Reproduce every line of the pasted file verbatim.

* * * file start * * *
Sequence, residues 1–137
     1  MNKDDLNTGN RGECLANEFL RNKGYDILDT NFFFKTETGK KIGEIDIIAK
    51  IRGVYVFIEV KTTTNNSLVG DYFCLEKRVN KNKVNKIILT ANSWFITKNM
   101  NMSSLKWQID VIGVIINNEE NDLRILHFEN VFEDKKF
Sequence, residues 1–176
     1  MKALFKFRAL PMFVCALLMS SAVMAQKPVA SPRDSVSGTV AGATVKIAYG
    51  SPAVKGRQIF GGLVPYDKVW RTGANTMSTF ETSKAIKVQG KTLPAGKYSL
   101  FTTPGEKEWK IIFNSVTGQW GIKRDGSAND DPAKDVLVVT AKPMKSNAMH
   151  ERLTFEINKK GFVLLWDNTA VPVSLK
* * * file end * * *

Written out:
Sequence, residues 1–137
     1  MNKDDLNTGN RGECLANEFL RNKGYDILDT NFFFKTETGK KIGEIDIIAK
    51  IRGVYVFIEV KTTTNNSLVG DYFCLEKRVN KNKVNKIILT ANSWFITKNM
   101  NMSSLKWQID VIGVIINNEE NDLRILHFEN VFEDKKF
Sequence, residues 1–176
     1  MKALFKFRAL PMFVCALLMS SAVMAQKPVA SPRDSVSGTV AGATVKIAYG
    51  SPAVKGRQIF GGLVPYDKVW RTGANTMSTF ETSKAIKVQG KTLPAGKYSL
   101  FTTPGEKEWK IIFNSVTGQW GIKRDGSAND DPAKDVLVVT AKPMKSNAMH
   151  ERLTFEINKK GFVLLWDNTA VPVSLK